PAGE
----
things we don't talk about

The Best Bad-Breath Remedies, According to Dentists

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While we may all be curious about the best plunger or probiotic tampon or cold-sore remedy, it can be difficult to discuss these more personal items. That’s why we’re tackling Things We Don’t Talk About, a series in which we track down the best hygiene-, sex-, and bodily function–related things we all need but might be too embarrassed to ask about. In this installment, we consult experts on the best treatments for bad breath.

There is morning breath and then there’s bad breath — that persistent, noxious smell even mouthwash can’t kill. Most of us want to avoid both. “Socially and in the workplace, bad breath is a really bad thing, like body odor,” says halitosis expert Steven Fox, D.D.S., of Fox Fresh Breath Dental. And while eating garlic or anchovies would be an obvious culprit, “80 percent of bad breath usually comes from the dental environment (like gingivitis or bad dental hygiene), and 20 percent from things like indigestion, tonsils, or sinuses,” says Scott Froum, a periodontist who often treats cases of bad breath. At the root of bad breath is the build up of bad bacteria, which “naturally live in your mouth,” according to Dr. Ben El Chami, the co-founder and chief dental officer at dntl bar. “The bacteria feed on the leftover food material in your mouth and cause a foul smell as a byproduct.”

Extreme cases of halitosis, the medical term for chronic bad breath, afflict about a quarter of the population. If no amount of mints, mouthwash, or toothpaste have helped you so far, something is likely causing the bacteria to produce the scent — and that kind of bad breath needs to be investigated by the dentist. For run-of-the-mill bad breath that plagues most people, though, periodontist Mike Breault says that good oral hygiene — brushing and flossing, plus regular cleanings with your dentist — is most important. To find more immediate, specific treatments, we asked the experts for their best over-the-counter recommendations.

Tooth and tongue brushes

All the experts we spoke to recommend regular trips to the dentist and properly cleaning your teeth at home as the best way to beat bad breath. According to Dr. Sharon Huang, the founder of Les Belles NYC, a holistic dentistry practice in Manhattan, “mechanical removal is the most effective route of removing bacteria. [That means] flossing daily and brushing twice a day, not just the teeth but also the gum area and the tongue.” Her favorite manual toothbrush is this supersoft one from Nimbus. “It’s actually the most gentle toothbrush I’ve ever used,” Dr. Huang says. “ A common misconception is that you want to brush your teeth really hard to remove the debris, but that is actually not the case. You want to use a really soft bristle to gently remove the bacteria without stripping the enamel.”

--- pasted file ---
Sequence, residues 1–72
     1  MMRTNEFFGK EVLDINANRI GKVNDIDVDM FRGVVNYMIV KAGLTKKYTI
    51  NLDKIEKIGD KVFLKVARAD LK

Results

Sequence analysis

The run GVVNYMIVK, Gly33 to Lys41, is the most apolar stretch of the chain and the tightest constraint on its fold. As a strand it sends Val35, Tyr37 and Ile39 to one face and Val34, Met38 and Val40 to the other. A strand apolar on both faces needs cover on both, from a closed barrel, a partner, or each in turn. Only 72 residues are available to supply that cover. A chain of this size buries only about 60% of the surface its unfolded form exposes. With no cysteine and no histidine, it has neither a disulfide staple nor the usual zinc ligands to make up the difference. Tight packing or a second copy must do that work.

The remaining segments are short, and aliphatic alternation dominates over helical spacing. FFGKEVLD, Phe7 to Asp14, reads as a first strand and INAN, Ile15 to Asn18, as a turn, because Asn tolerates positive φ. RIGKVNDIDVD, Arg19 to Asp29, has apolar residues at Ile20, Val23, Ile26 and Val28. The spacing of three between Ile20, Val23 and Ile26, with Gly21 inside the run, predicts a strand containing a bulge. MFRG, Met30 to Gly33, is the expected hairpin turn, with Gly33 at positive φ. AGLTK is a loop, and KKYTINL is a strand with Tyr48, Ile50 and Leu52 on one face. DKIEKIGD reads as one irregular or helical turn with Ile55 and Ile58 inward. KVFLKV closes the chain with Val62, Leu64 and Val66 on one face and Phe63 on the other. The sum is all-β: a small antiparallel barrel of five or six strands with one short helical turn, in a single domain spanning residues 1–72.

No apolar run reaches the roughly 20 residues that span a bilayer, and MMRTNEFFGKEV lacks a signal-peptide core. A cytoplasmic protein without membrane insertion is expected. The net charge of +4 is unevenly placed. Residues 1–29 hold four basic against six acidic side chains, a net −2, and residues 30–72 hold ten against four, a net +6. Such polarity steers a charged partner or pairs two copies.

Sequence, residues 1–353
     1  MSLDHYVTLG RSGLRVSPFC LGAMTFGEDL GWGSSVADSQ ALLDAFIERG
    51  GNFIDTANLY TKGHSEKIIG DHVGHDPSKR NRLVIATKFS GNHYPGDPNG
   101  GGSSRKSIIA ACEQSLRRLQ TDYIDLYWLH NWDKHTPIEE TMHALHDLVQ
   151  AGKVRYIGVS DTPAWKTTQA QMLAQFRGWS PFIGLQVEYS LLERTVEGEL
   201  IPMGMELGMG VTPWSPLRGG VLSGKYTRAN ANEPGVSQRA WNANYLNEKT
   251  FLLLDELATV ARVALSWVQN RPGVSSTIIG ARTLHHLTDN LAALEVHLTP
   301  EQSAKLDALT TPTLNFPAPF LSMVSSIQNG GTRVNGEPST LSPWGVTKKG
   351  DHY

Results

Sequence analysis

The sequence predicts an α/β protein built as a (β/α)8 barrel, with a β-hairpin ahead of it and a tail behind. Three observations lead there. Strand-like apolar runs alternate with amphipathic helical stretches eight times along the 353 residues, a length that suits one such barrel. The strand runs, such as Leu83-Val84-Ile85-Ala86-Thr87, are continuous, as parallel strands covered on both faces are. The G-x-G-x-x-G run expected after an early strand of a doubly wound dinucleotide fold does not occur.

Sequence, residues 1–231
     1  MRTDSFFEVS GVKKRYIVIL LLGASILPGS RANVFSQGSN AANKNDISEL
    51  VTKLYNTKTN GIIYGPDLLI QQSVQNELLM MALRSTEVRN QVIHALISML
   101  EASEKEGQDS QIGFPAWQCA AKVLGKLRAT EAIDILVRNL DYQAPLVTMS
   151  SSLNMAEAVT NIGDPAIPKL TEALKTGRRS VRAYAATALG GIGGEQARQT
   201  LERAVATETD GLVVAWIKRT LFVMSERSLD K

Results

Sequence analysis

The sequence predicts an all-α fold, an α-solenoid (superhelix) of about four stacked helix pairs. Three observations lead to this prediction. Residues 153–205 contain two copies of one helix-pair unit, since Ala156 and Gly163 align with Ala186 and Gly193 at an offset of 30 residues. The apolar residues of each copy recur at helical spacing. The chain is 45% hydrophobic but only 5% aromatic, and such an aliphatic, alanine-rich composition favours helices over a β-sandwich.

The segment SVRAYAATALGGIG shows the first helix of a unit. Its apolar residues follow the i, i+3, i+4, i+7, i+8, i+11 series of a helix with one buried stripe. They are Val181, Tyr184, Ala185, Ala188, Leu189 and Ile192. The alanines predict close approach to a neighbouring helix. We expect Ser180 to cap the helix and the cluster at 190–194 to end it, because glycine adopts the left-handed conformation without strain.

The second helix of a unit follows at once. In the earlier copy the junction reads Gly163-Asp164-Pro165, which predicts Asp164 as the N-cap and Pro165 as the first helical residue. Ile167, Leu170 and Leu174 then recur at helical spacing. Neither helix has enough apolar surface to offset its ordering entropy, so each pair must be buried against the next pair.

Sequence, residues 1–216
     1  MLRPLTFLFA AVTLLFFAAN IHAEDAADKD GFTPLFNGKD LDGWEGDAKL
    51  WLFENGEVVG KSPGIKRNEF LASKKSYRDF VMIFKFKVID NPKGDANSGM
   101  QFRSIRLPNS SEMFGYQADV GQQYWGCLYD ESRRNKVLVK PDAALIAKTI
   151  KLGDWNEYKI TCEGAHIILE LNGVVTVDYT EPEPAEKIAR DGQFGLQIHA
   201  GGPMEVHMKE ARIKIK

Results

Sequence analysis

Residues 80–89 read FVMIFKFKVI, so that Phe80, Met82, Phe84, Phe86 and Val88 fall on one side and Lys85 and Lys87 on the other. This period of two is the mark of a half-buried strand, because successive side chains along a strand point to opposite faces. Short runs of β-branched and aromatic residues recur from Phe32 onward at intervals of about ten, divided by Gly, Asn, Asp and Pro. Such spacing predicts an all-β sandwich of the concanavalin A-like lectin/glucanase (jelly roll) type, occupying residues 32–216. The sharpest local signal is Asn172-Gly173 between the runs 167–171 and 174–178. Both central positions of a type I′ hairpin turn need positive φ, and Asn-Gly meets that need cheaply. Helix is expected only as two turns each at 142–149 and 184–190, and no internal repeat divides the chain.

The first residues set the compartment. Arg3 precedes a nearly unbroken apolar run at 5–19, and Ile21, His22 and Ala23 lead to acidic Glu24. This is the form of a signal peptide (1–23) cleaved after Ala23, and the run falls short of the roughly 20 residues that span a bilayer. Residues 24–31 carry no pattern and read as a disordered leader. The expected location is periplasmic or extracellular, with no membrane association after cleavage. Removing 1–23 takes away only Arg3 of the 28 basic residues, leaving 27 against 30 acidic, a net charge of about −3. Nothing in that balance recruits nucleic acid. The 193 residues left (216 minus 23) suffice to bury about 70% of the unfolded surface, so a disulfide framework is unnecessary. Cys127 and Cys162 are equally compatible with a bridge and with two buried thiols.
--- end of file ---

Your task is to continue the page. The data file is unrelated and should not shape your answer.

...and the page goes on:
BURST Sonic Toothbrush
$60
$60

If you think you can still brush gently with an electric toothbrush, Dr. Huang uses Burst’s sonic toothbrush. “I’ve tried many electric brushes on the market, and most of them, I feel, are a little too aggressive,” she says. This one, however, is a “gentle ultrasonic toothbrush.” It has soft, charcoal-infused bristles and a sensitive mode, if you think you might be brushing too hard.

Dr. Huang says you can clean your tongue with your normal toothbrush, but there are also special tools designed for it. This is one of Dr. Marie Jackson of Stellar Smile Center’s favorites. “It’s nice because it’s got these soft but firm nylon brushes, they’re a little bit different than toothbrush versions, their shape is a little more broad so It allows you to kind of clean your tongue without being too aggressive.” Both Dr. Jackson and Dr. Elisa Mello of NYC Smile Design prefer a plastic tongue cleaner like this to something metal, as those can be more aggressive and even hurt or cause cuts. No matter what tool you use, you should use it gently, but don’t be afraid to get a really good clean. The tongue is not smooth, it’s actually like a shaggy carpet, and at the bottom of the little shaggy pieces is where bacteria hang out, and if you have a coating on your tongue, it could actually take anywhere from two to three weeks to actually remove it,” says Dr. Mello. “I personally tell my patients to brush first, because all the liquid and the toothpaste will sort of loosen up that stuff that’s on your tongue, and then very gently scrape down and scrape it off.” She adds that most patients don’t go far back enough, which can be uncomfortable, so once you get used to it, you can try and go back a little further each time. Dr. Mello says, “You’ll find over time the good bacteria will start to outnumber the bad bacteria that were on your tongue.”

Metal tongue scrapers do have one advantage over the plastic ones: They don’t harbor bacteria. If you think you can use it gently, this medical-grade tongue scraper comes highly recommended by writer Or Gotham as a solution for morning breath. After using this he says, “You’ll realize, as I did, that the amount of gunk not removed by simple brushing is … alarming.”

Toothpastes

You should also be paying attention to toothpastes. Dr. Mello uses this all-natural toothpaste in her office. “It really maintains a nice balance because it’s natural,” she says. “ It doesn’t upset the bacteria count, and it really helps to keep everything pH balanced. When the pH is balanced, good bacteria can proliferate, as opposed to the bad bacteria.”

Dr. El Chami likes the Colgate Total line of products as he says they have “the right ingredients to improve the health of the gums and teeth.” One of those ingredients is fluoride, which can help remineralize the teeth and protect you from cavities. If you keep your teeth and gums healthy you can avoid things like gum disease, which can contribute to that bad bacteria build up.

Mouthwash